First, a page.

The Wedding Bouquet

When we think of weddings there are a few images that come automatically to our minds. We may think of churches decorated with beautiful flowers or of groomsmen looking somehow uncomfortable and debonair at the same time in their rented tuxedos. We may think of bridesmaids adorned in dresses that they would never be caught dead in elsewhere or of adorable small children acting as ring bearers and flower girls, thrilled to be the focus of attention for those few moments that they spend walking down the aisle.

One image that invariably comes to mind is that of the bride in her white dress and veil carrying a beautiful bouquet of flowers. For some reason, when we think of a wedding, we always think of the wedding bouquet.

The wedding bouquet is a tradition that goes back almost as far as weddings themselves. While it's obvious that the flowers are a symbol of fertility, the origins of the wedding bouquet and the tradition of throwing the bouquet (thus passing on that fertility) to another available young lady are less clear. Suffice to say that the wedding bouquet is now a time-honored tradition that is observed in most weddings today.

Once just a simple and small collection of flowers, the wedding bouquet has evolved over time to the point where literally hundreds of dollars are now spent on beautifully designed and arranged ornate wedding bouquets. Most modern brides, in fact, will often have two bouquets. One elaborate wedding bouquet is designed to be carried down the aisle during the ceremony and used in photographs while the other is typically smaller and designed to be thrown into the throng of the bride's available girlfriends who will then proceed to scramble and claw at one another in an attempt to be the lucky girl who "catches" the bouquet and thus becomes the next woman destined to be married.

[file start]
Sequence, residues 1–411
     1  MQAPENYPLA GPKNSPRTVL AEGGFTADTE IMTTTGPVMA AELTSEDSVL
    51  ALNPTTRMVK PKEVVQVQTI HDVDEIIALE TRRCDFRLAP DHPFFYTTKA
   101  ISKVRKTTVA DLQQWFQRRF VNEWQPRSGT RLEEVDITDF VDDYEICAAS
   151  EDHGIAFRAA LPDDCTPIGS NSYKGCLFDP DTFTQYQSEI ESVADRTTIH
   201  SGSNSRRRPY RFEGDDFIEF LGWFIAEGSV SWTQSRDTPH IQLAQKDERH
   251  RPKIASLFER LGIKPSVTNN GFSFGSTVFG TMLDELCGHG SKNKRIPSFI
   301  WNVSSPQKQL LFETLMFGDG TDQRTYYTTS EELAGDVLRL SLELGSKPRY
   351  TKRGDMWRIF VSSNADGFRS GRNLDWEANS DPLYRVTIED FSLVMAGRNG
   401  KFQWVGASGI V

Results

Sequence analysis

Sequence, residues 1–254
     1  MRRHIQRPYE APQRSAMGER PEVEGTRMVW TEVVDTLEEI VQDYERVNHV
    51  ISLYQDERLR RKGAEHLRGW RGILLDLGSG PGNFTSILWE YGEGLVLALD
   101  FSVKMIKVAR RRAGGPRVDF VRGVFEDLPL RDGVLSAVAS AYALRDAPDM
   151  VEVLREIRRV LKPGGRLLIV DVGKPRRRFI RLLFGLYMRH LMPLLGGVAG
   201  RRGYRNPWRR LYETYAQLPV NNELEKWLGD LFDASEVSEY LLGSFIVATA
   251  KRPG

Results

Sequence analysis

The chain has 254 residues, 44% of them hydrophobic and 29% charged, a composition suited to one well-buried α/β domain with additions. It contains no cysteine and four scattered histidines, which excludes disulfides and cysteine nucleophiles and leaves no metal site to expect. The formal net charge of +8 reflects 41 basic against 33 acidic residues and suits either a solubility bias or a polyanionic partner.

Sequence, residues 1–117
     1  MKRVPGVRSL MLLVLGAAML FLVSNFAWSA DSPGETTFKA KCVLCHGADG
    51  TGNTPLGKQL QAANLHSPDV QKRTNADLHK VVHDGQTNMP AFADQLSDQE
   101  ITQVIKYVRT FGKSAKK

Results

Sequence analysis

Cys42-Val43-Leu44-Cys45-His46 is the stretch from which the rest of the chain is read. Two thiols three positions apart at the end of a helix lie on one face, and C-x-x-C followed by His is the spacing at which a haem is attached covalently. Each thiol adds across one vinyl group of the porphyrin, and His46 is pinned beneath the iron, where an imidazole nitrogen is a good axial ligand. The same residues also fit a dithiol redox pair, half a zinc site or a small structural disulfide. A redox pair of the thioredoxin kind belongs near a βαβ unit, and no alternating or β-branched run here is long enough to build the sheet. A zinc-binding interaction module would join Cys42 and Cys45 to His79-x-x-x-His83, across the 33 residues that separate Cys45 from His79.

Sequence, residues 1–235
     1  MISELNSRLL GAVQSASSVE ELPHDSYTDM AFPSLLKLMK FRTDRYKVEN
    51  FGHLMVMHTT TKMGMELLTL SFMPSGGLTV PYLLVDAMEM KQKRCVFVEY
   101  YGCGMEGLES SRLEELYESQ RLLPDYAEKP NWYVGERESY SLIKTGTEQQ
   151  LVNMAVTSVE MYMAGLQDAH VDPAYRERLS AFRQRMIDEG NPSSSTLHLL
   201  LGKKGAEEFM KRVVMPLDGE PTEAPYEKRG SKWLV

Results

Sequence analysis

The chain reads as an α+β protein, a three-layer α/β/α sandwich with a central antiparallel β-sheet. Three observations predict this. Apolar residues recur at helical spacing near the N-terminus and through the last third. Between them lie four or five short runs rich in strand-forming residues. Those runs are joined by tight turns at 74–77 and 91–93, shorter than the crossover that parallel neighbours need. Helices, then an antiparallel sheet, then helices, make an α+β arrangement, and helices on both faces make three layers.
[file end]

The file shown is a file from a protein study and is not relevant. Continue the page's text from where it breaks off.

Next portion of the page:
Modern florists take great pride in the wedding bouquets they design and offer. Rarely is the simple group of daises seen at today's weddings. Instead, wedding bouquets now consist of a variety of floral designs, including combinations of calla lilies, roses, and sweet pea or traditional white lilies and roses. Even sunflowers have made their way into modern wedding bouquet arrangements.

The advent of the Internet has broadened the spectrum of available options in many industries, and flowers are no exception. The fact that floral arrangements can be designed and ordered online has spurred great competition among florists, causing each to try and outdo the others by offering greater and greater diversity in all of their arrangements, including wedding bouquets.

Ultimately this trend is very good for the bride-to-be because it allows for an incredible array of options when it comes time to choose all of the flowers for a wedding, including the all-important wedding bouquet. With florists offering so many designs in wedding bouquets and so many florists as close as the living room PC, any prospective bride is sure to find the perfect wedding bouquet to complete her appearance on her Special Day.